Thermodynamics of evolution

Prigogine, I., G. Nicolis & A. Babloyantz (1972). Thermodynamics of evolution. Physics Today 25(11), 23-28.

The functional order maintained within living systems seems to defy the Second Law; nonequilibrium thermodynamics describes how such systems come to terms with entropy.”

Prigogine, I., G. Nicolis & A. Babloyantz (1972). Thermodynamics of evolution. Physics Today 25(12), 38-44.

The ideas of nonequilibrium order and of the search for stability extend Darwin’s concept back to the prebiotic stage by redefining the “fittest”.”

By evolution Prigogine means a theory of the origin of life. Hence his papers have nothing to do directly with biological evolution.

The next quotes shows that as one should have expected, Prigogine is a good thermodynamicist:

In an isolated system, which cannot exchange energy and matter with the surroundings, this tendency is expressed in terms of a function of the macroscopic state of the system: the entropy.”

We have seen that the formation and maintenance of self-organizing systems are compatible with the laws of physical chemistry.”

Biologists often forget the constraint of an isolated system.

I would not agree with this statement:

The thermodynamic theory of open systems, systems exchanging both energy and matter with the environment, has long been developed by Theophile DeDonder and the Brussels school (for a historical account, see reference 1).”

The thermodynamic theory of open systems is already available in Gibbs’ “On the Equilibrium of Heterogeneous Substances” (1875–1878). Nonetheless, it may depend on definitions. Prigogine likes the entropy production principle and cannot imagine the thermodynamics without it.

Some other problem that I also see is that Prigogine ties the entropy and the order with each other:

In contrast to this is the familiar idea that the evolution of a physicochemical system leads to an equilibrium state of maximum disorder.”

This celebrated second law of thermodynamics implies that in an isolated system the formation of ordered structures is ruled out.”

What about miscibility? Do two phases in the case of a miscibility gap have less or more order as compared with a possible homogeneous solution?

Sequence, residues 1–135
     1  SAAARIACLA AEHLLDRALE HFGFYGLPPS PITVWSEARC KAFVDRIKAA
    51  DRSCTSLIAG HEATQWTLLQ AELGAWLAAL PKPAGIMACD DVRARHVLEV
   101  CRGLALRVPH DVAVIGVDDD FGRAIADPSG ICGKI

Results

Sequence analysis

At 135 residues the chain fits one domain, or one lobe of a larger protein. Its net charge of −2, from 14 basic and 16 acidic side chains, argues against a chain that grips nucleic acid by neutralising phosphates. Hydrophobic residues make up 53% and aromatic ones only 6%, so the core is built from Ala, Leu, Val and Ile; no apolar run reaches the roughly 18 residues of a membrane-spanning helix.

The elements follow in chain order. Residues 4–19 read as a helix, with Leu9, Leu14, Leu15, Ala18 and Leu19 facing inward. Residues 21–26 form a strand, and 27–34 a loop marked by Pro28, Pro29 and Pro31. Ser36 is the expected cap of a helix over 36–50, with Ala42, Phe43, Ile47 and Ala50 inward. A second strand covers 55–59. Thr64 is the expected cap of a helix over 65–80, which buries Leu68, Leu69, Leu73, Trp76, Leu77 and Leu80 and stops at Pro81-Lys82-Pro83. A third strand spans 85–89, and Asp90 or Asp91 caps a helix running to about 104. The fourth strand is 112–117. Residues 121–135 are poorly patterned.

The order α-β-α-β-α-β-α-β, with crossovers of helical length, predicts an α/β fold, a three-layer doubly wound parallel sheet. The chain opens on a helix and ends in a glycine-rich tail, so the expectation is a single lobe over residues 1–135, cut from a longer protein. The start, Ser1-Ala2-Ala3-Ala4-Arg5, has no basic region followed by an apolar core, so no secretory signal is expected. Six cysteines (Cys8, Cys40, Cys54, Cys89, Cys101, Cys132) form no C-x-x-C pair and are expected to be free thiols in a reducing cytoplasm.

2 responses to “Thermodynamics of evolution”

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  1. Georgi says:

    Origin of life and its evolution are the result of action of laws of hierarchical thermodynamics.

    Criterion of evolution

    The approval about the reduction of the entropy of living systems as a result of biological evolution is incorrect. The criterion of evolution of living system is the change (during evolution) of the specific free energy (Gibbs function, G) of this living system. The evolution of living system takes place against the background of flows of energy (e.g., light, energy of physical fields) from the environment. It increases its specific free energy. At the same time, the specific free energy of this living system is decreased as a result of spontaneous processes in this system.
    Thus, the total change in the specific free energy of a living system is composed of two parts: 1. The change of free energy due to the inflow of external energy (G1> 0) and 2. The change of free energy due to spontaneous transformations in the system (G2 < 0) . The evolving system constantly adapts to a changing environment. The principle of substance stability contributes to this adaptation.
    Thermodynamics of evolution obeys the generalized equation of Gibbs (that is the generalized equation of the first and second laws of thermodynamics)*. Biological evolution and the processes of origin of life are well described by the hierarchical thermodynamics, established on the firm foundation of theory of JW Gibbs. Our theory created without the notion on dissipative structures of I. Prigogine and negentropy of L. Boltzmann and E. Schrodinger.
    “Thermodynamics serves as a basis for optimal solutions of the tasks of physiology, which are solved by organisms in the characteristic process of life: evolution, development, homeostasis, and adaptation. It is stated that the quasi-equilibrium thermodynamics of quasi-closed complex systems serves as an impetus of evolution, functions, and activities of all levels of biological systems’ organization. This fact predetermines the use of Gibbs’ methods and leads to a hierarchical thermodynamics in all spheres of physiology. The interaction of structurally related levels and sub-levels of biological systems is determined by the thermodynamic principle of substance stability. Thus, life is accompanied by a thermodynamic optimization of physiological functions of biological systems. Living matter, while functioning and evolving, seeks the minimum of specific Gibbs free energy of structure formation at all levels. The spontaneous search of this minimum takes place with participation of not only spontaneous, but also non-spontaneous processes, initiated by the surrounding environment.”
    Works of the author:

    Georgi Gladyshev
    Professor of Physical Chemistry

    *) The generalized equation of Gibbs (See: )

    P.S. Lastly, it is important to take into account, from the viewpoint of hierarchical thermodynamics, that anti-aging diets and many drugs can be used for the prophylaxis and treatment of cardiovascular diseases, cancer, and for numerous other illnesses.